It’s a noble goal, and a program that I strongly support. Performance results are good, too, and Upward Bound touts its success rates in helping to get bright young students through school. What you don’t often get from the pie charts and statistics, though, are the real-life success stories – the names and faces that benefit from programs like Upward Bound.
For me, I don’t think I’ll ever hear about Upward Bound again without thinking of Jeshua Zapata and Jairo Gomez. Jeshua and Jairo met during college while attending Upward Bound, and they came up with an idea for a company. Juan Gomez soon came on as another partner, and the trio started Xzito Creative Solutions. The company started ten years ago as a website builder and has gradually shifted its concept to become a web developer and driver to increase returns on investment. They develop systems, workflows and other programs for companies and offer a two-part process for system development, first building the system and then identifying and implementing ways to increase site traffic.
What started as an idea has now become an established company in Johnston with seven employees that works with non-profits, businesses, political campaigns and more. Their work can be found on the sites of customers like MetLife and Fortune 500 companies, as well as the Rhode Island Secretary of State’s office, where they came in to design the logo for the We Mean Business expo.
It’s good to know, and to see firsthand, how programs like Upward Bound can make a positive difference in people’s lives. Most of all, it’s good to know that young entrepreneurs like Jeshua, Jairo and Juan are so committed to doing business in Rhode Island.
An Ounce of Preventure
In 2013, Preventure, a fitness and wellness solutions company based in Coventry, hired 31 people. That was in 2013 alone. And last year wasn’t an anomaly, either. Preventure has hired at least 2 and up to 15 new employees every other year, bringing their current workforce up to 80. They’re a fast growing company, thanks in part to the growth of the industry and in part to their work ethic and business acumen.
Preventure continues to adapt to the changing environment, staying in tune with their clients and their needs. Wellness plans are tailored to each company, who in turn implement strategies and programs that keep employees healthy, raise morale and ultimately drive down health care costs. All businesses need to evolve in order to stay competitive and relevant, and Preventure has two times the challenge. Not only does their business evolve, but so do their health and wellness plans. Users are constantly challenged and motivated to reach new wellness goals through preventative screenings, education, friendly competition and rewards.
Clearly, the model is working, because just as Preventure continues to grow its workforce, they continue to grow their clientele. They were named one of Rhode Island’s Best Places to Work by Providence Business News and the good news keeps pouring in for Preventure. I can’t wait to see where they are at this time next year!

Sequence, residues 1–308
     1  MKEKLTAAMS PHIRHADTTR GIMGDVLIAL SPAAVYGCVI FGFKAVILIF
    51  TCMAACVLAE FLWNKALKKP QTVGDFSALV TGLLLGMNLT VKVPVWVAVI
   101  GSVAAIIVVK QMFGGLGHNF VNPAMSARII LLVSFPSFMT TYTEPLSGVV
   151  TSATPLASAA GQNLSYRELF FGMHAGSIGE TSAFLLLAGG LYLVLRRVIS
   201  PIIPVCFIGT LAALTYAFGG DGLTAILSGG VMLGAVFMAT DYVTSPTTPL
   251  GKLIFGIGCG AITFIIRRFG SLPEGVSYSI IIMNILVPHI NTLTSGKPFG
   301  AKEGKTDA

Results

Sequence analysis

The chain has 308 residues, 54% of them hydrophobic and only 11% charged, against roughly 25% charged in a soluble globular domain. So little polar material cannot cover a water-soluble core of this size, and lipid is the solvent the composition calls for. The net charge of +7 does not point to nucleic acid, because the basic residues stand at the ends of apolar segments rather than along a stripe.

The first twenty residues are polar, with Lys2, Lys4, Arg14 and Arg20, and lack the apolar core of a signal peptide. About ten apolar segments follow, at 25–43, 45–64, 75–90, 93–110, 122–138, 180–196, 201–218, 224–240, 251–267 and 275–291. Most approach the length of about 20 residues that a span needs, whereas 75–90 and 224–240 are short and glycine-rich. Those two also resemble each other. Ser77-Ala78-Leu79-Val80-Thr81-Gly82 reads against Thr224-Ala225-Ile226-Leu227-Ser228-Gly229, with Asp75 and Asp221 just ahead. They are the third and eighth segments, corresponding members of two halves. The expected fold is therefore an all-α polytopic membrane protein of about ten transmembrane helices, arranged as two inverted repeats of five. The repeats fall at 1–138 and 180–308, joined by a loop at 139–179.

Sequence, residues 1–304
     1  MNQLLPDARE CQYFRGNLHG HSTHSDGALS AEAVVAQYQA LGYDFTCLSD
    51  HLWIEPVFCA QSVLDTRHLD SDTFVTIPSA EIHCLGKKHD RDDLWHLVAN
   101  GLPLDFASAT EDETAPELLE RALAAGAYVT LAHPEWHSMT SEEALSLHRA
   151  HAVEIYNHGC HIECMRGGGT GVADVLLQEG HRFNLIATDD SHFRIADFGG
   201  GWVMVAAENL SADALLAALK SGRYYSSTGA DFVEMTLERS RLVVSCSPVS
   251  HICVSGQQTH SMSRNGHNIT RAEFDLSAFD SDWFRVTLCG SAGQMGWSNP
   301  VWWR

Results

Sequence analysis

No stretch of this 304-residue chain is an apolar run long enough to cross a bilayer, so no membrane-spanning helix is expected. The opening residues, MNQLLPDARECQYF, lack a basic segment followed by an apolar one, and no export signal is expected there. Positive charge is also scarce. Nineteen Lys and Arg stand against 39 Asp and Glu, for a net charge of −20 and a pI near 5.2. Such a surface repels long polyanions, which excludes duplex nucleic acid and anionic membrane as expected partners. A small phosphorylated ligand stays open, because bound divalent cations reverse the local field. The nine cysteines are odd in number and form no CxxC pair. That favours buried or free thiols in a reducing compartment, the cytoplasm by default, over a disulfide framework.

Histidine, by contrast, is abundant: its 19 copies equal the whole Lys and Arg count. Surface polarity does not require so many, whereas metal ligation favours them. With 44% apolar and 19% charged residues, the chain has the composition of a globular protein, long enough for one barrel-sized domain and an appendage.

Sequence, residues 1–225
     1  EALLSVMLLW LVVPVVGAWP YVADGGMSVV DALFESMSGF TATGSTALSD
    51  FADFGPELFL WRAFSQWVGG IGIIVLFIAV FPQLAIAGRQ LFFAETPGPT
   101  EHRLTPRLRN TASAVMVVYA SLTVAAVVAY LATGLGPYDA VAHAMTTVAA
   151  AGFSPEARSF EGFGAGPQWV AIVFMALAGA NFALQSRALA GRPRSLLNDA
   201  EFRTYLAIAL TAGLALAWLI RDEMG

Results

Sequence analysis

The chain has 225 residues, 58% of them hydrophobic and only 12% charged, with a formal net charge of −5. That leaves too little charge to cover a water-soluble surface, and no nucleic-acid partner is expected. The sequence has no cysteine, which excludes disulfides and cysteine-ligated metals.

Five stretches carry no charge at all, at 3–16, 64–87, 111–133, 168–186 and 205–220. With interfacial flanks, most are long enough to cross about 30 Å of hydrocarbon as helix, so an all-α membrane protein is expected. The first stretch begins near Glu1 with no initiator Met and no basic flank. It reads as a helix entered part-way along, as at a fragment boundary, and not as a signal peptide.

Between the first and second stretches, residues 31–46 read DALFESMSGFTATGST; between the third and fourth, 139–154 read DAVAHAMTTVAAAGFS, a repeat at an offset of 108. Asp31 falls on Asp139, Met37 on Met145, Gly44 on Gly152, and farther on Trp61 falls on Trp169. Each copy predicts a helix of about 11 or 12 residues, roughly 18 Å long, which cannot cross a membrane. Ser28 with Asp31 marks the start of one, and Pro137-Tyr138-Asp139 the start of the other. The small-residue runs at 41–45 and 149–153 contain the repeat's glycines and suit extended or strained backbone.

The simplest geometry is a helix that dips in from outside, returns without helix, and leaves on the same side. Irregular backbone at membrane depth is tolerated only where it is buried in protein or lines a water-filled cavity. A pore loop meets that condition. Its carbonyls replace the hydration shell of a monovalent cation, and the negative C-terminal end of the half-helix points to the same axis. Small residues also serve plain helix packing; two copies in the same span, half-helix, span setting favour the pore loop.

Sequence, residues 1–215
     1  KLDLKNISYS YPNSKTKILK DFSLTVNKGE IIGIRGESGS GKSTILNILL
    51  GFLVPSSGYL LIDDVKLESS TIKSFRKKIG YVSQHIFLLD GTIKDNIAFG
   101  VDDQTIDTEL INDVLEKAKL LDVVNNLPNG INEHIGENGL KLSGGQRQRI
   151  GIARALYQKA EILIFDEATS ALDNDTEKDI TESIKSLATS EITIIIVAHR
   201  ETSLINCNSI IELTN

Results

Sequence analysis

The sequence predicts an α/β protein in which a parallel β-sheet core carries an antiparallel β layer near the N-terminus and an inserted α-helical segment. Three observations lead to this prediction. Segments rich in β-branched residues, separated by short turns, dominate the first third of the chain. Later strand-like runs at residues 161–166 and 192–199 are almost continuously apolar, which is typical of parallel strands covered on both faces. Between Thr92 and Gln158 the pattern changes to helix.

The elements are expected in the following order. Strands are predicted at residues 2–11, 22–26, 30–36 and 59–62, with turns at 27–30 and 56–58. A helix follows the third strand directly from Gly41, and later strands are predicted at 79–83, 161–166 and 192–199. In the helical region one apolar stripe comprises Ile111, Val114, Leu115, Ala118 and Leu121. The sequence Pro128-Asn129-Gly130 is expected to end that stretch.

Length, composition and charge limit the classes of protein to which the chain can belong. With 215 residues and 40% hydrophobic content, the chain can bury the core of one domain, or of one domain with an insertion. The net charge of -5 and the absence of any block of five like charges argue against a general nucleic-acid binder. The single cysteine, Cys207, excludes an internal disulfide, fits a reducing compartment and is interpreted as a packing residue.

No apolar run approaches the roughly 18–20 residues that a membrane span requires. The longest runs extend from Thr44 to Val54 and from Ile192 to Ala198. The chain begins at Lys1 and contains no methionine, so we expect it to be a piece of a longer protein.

RI in Business Kickoff
August is one of my favorite times of year. Rhode Island is especially beautiful in the summertime, and I am home for the month with long summer days to meet with constituents and visit businesses. The latter is the motivation behind my RI in Business tour, an initiative to bring private and public entities together to improve our state’s business climate.
There is always room for improvement - and we must never stop working - but the picture is also not quite as bleak as some may paint it. The success stories are out there, and there is potential for so many more if we improve communication and collaboration, and work toward this common goal. Because when our businesses succeed, we all succeed.
When we talk about business success stories, we need look no further than the host of our RI in Business kickoff event. Atrion has experienced remarkable growth over the past two years, and they continue to find fresh, innovative ideas to move their business forward. What impressed me the most during a recent tour of this beautiful facility is the commitment to their employees. Atrion offers intensive training and workforce development programs, resulting in not only a talented staff, but also a team of professionals that is dedicated to its work.
I believe that Rhode Island has so much to offer. We are not defined by our past, or by a ranking in a magazine. We are defined by our successes, like Atrion and so many others, and by our shared commitment to making the future better. Each of us brings something to the table when it comes to improving our state’s business climate. I give so much credit to the entrepreneurs and workers who are in the trenches, building businesses from the ground up. The rest of us, from government officials to start-up incubators, are here to support those grassroots efforts. We often consider business to be a solitary endeavor, but if we are to succeed on a larger scale, we must be in this together.